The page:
This little victory acts as a spark, giving you the confidence to take on bigger debts. It’s similar to opening a door to a future free of debt, one tiny triumph at a time. It’s not just a tactic to start with the debt that can be paid off quickly; it’s a mentality that helps you get financial freedom.
5. Determine Your Winning Share
Selecting the best budgeting percentages for debt repayment necessitates a thoughtful strategy based on each person’s unique financial circumstances. It’s important to find a plan that works for you rather than focusing only on set percentages. While there are those who support setting aside a certain percentage of income for debt repayment—such as the 50/30/20 rule, which allocates 50% to needs, 30% to wants, and 20% to debt and savings—it’s important to adjust these numbers to reflect your unique situation.
These percentages can vary greatly depending on a number of factors, including income levels, different debt interest rates, and necessary expenses. Finding a balance that permits significant debt repayment while upholding a sustainable lifestyle is crucial. Find a ratio that fits your financial objectives by experimenting, adjusting, and ensuring consistent progress in the direction of a life free of debt.
Apply your calculations
Organize your finances so that this set amount of your income is used exclusively to pay off debt. Make sure that the debts you prioritize have lower balances or higher interest rates so that your payments have the most impact. Prioritize your debts based on these factors. Make sure that this percentage is continuously applied to pay down any outstanding debt, including credit card debt, student loans, and other outstanding balances.
To find out how well this percentage is helping you reach your debt reduction objectives, keep a regular check on your progress. A few tweaks here and there may be required, particularly if your finances change. Being adaptive and flexible is essential. You’re taking proactive steps toward financial freedom and a debt-free life by making sure the allocated percentage is applied to debt repayment on a regular basis.
6. Make entire monthly payment to subsequent debts
Redirecting the entire monthly payment towards the subsequent debt after a debt has been paid off can help you get debt free much faster. This strategy, also known as the debt avalanche or snowball method, entails applying the money that was previously allotted to the paid-off debt to the following obligation in line.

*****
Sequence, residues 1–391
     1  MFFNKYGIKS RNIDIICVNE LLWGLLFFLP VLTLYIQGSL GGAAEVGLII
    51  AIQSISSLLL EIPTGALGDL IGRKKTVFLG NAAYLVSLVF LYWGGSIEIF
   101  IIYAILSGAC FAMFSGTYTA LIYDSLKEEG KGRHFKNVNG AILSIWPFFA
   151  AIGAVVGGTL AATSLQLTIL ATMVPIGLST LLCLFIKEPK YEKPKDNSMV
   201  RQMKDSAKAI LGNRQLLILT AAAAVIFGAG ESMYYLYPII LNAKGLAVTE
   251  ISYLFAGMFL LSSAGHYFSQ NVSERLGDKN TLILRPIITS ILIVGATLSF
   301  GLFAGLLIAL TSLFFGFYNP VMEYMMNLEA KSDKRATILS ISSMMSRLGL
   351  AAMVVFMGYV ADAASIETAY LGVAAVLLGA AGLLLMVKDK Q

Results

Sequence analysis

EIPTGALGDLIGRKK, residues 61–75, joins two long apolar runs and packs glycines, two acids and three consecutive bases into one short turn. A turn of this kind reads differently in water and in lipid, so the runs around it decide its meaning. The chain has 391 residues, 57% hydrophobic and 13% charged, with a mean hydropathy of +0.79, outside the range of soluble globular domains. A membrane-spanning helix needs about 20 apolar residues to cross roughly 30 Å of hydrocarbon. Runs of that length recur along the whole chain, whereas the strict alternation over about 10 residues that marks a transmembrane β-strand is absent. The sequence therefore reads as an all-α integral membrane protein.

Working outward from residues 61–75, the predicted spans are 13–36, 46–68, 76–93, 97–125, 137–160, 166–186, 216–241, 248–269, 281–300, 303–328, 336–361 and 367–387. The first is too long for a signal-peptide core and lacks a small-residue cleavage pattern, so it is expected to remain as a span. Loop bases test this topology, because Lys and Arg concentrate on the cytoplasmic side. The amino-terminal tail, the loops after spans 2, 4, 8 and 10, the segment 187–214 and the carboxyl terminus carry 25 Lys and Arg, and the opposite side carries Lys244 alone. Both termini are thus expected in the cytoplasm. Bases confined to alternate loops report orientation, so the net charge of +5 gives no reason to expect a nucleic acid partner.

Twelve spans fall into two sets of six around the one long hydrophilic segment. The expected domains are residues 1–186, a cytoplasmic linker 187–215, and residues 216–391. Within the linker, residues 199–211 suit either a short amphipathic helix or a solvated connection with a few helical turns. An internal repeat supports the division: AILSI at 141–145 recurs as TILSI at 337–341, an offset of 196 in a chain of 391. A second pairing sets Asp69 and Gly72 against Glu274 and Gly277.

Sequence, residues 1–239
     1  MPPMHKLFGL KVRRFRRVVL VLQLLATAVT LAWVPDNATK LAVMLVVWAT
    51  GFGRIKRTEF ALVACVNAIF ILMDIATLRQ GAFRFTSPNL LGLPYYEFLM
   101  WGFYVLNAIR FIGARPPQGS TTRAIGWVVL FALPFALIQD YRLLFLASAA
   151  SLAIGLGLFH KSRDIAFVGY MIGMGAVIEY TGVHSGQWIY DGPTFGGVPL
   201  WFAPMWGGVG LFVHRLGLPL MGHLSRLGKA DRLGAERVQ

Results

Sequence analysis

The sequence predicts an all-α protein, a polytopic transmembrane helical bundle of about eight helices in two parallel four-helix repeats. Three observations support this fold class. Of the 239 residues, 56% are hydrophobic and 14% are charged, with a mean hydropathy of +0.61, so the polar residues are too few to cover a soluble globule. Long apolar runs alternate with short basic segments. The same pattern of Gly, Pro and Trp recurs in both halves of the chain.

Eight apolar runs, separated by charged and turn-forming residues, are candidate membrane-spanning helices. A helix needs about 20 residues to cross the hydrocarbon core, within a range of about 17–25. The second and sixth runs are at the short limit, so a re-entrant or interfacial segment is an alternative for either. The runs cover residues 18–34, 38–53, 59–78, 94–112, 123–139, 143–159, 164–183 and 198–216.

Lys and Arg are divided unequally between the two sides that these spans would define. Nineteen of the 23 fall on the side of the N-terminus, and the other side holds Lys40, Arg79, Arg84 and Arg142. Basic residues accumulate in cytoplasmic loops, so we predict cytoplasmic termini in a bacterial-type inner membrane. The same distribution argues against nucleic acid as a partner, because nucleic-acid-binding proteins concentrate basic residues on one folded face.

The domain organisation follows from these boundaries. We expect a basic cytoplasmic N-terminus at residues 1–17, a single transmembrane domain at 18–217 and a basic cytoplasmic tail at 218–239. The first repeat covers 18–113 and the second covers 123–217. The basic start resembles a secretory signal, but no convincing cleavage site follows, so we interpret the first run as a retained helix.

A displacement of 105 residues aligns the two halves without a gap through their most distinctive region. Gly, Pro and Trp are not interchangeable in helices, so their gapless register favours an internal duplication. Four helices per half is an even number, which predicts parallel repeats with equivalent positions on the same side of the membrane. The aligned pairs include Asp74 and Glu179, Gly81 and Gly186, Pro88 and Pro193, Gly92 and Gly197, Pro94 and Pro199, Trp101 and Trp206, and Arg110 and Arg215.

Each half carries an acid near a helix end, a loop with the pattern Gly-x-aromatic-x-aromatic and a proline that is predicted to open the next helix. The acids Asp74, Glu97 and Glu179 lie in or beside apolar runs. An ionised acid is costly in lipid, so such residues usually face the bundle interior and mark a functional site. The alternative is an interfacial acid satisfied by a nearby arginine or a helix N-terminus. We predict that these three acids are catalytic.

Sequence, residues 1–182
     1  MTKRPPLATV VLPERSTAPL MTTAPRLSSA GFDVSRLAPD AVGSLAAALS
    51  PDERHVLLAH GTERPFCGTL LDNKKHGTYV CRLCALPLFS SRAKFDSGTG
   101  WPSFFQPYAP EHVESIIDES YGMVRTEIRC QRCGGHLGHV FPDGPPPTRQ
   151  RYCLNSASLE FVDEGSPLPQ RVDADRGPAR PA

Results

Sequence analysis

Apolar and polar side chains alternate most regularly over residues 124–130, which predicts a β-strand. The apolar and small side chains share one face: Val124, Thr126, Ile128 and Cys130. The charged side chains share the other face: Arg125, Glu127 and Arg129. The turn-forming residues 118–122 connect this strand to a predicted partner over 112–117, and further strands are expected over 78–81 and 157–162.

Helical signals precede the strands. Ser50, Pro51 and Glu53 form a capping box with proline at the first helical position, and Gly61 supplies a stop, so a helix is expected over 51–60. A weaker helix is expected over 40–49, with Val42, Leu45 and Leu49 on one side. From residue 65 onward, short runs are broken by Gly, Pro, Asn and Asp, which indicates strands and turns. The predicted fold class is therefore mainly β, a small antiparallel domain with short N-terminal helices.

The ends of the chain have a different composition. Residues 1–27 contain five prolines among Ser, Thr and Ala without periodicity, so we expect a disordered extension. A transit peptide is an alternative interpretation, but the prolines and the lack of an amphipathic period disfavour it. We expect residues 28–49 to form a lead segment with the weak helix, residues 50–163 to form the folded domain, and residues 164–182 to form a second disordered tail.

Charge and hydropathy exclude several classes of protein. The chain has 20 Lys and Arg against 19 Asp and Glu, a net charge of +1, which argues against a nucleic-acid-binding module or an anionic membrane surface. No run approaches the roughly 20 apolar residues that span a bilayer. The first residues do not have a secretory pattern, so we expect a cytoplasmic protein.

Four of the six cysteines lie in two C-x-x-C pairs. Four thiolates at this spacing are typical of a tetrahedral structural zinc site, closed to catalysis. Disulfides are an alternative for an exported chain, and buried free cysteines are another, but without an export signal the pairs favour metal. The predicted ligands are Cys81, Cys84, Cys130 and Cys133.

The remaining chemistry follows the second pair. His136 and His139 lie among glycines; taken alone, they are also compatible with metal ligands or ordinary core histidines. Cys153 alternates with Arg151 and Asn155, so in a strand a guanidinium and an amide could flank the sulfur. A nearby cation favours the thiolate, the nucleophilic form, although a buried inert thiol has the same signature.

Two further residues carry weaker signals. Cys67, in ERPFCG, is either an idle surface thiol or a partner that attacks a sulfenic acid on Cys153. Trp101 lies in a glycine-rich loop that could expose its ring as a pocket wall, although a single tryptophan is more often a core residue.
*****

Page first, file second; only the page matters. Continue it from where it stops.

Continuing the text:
For example, if you were paying $300 a month to pay off a credit card debt and you were successful in doing so, allocate that $300 to the next debt on your list rather than spending it elsewhere.
You can expedite the repayment process by aiming for a new debt while keeping the same total monthly payment. This strategy keeps the momentum going while also increasing the amount of time you can devote to paying off subsequent debts and acquiring confidence from every debt triumph. With every debt paid off, the total amount that can be repaid accumulates, bringing you one step closer to living a debt-free life.
7. Invest the extra money
It makes sense to think about investing the extra money you have after paying off debt and having extra cash from your monthly budget. You can increase your wealth and work toward your future financial objectives by investing. If you haven’t already, start by setting up an emergency savings account. This fund serves as a safety net, helping you avoid going back into debt by paying for unforeseen costs.
Think about long-term investment options such as stocks, bonds, diversified mutual funds, retirement accounts (such as 401(k)s or IRAs), and retirement accounts beyond just an emergency fund. Examine investment options that fit your timeframe, financial objectives, and risk tolerance. Do your homework and get help when you need it to make wise financial decisions.
Remember, the key to successful investing is consistency and patience. By consistently contributing the extra money from debt repayment into investments, you allow your wealth to grow over time through compound interest. This financial strategy not only secures your present but also lays the groundwork for a more financially secure future.
Getting rid of debt and practicing wise money management are essential to achieving financial independence. Every action made today creates a more secure tomorrow as debt decreases and prudent financial practices grow. You’ve accepted the path toward financial empowerment and opened doors to a future free of debt by embracing discipline and specific goals. Remain dedicated, enjoy the journey, and observe how each step takes you closer to the prosperity you deserve.